I have a love/hate relationship with Windows’ Live Titles. Some tiles are animated and glitzy just for the sake of being able to do so. Others provide pertinent information when and where you want (and need) them. These are similar to widgets on Android, but are the link into the app itself. I would love for Android’s icons to be more like Live Tiles – but only those that provide useful information without requiring you to even open the app.

Last, I absolutely hate proprietary ~anything~. We have standards for a reason. I completely hate Apple’s Lightning Connector. The only products that use it are made by (or licensed by) Apple. The EU even passed legislation prohibiting proprietary connectors some years ago, forcing everyone (except Apple?) to go with microUSB. Alas, now we have another “non-standard” standard. But the thing I hate most about it is how much I love it. Every time I plug in anything via microUSB I have to fight and futz over it. Not so with Lightning, it works either way you plug it in. Sure, USB has a new reversible standard that’s been adopted – but no one it using it yet! Until then, I’m still envious of Apple’s Lighting Connector.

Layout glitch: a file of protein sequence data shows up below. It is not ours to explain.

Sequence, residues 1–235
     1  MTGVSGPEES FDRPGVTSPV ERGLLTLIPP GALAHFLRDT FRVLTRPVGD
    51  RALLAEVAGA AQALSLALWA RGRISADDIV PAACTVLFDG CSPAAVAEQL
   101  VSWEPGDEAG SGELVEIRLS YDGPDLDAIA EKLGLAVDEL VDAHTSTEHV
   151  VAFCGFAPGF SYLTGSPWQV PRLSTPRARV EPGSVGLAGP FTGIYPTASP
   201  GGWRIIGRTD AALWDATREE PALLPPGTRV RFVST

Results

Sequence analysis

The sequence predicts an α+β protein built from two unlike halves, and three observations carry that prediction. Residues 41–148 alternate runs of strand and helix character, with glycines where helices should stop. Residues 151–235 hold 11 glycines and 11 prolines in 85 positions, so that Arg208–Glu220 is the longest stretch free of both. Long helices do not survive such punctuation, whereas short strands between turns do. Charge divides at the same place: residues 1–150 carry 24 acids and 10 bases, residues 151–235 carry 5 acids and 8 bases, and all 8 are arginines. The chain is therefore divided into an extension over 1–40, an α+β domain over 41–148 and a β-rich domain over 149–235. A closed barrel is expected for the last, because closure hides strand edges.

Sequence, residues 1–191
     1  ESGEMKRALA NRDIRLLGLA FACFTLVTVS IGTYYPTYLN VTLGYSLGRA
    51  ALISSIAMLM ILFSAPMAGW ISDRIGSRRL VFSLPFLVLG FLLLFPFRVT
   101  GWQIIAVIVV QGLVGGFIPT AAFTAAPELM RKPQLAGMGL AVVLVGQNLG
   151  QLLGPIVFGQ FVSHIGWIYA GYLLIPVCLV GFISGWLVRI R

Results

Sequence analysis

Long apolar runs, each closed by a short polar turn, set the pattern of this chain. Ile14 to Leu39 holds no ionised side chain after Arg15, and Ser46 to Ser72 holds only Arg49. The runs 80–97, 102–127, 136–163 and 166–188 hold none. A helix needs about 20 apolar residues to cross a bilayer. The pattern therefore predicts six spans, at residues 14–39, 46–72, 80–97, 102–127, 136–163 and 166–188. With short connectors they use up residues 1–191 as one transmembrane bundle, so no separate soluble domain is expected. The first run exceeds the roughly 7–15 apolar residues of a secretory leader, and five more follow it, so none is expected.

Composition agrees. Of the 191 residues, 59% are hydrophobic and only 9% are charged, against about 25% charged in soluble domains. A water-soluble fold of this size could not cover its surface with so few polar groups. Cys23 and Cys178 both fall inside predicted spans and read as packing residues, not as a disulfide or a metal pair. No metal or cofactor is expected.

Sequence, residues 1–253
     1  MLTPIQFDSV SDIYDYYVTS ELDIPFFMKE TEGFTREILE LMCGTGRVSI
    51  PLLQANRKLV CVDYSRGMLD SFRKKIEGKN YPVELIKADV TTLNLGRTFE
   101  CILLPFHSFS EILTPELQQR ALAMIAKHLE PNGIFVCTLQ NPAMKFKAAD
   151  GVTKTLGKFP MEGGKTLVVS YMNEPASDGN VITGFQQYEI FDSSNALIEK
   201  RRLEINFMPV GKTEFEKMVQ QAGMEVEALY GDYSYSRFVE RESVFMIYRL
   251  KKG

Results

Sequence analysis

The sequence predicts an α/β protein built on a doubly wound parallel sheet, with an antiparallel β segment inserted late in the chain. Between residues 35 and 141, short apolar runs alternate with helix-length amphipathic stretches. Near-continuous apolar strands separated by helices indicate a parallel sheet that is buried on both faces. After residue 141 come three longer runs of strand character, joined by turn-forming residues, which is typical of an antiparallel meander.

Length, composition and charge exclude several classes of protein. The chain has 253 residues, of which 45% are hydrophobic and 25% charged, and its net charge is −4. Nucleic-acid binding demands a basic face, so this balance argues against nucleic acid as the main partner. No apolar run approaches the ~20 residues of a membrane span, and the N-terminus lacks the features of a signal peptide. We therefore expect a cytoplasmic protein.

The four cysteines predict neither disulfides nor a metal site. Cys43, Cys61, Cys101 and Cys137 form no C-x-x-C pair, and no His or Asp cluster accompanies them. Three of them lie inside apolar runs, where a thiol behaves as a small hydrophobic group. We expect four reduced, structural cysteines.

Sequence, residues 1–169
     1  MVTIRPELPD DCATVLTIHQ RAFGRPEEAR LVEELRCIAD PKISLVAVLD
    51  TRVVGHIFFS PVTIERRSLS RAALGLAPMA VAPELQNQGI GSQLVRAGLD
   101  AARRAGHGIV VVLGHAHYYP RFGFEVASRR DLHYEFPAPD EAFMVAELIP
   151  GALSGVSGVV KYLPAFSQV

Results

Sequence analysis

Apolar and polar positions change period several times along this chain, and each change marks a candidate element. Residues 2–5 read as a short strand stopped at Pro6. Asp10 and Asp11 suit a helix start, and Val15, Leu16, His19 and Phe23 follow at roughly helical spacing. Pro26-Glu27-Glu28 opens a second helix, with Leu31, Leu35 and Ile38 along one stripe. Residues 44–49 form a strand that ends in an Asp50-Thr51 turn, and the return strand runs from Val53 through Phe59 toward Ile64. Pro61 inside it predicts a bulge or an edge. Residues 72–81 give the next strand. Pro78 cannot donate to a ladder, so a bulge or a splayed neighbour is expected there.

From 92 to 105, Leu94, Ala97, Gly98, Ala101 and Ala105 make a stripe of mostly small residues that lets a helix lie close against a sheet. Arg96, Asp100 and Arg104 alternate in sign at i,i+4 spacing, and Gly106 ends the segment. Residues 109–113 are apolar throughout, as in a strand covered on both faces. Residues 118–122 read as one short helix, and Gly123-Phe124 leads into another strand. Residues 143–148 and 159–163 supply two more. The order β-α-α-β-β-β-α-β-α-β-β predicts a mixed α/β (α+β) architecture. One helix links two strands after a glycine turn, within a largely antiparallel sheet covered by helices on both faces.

stephenStephen Schenck

Chief News Editor

Platform of Choice: Android

I don’t know that I have anything useful to contribute to this. I use Android and Android alone; if the other platforms had things that I really liked – even little things – I’d use them too, but they don’t, so I don’t.

That said, I can play a bit of devil’s advocate. Apple may have had an advantage when it comes to apps in the past, but Android’s matured to the point that I never find myself hurting for software availability. I like my home screen straightforward and static (and correspondingly light on its power requirements), leaving me uninterested in copying any Live Tile jazz.

None of this is to say that Android’s perfect, but the sort of things I wish it did differently are very much the opposite of what the other platforms are doing – I crave finer-tuned customization options and more powerful low-level access to system settings. If anything, picking up features from iOS or Windows Phone only seem like threats to make Android worse, more dumbed-down in the misguided effort to “streamline” things. I don’t want your cloud, I don’t want your sync, I don’t want your connected ecosystem of services, I just want a pocket-sized general purpose computer. And Android’s the closest I’m getting to that, by a long shot.



RithvikRithvik Rao

News Editor

Platform of Choice: Android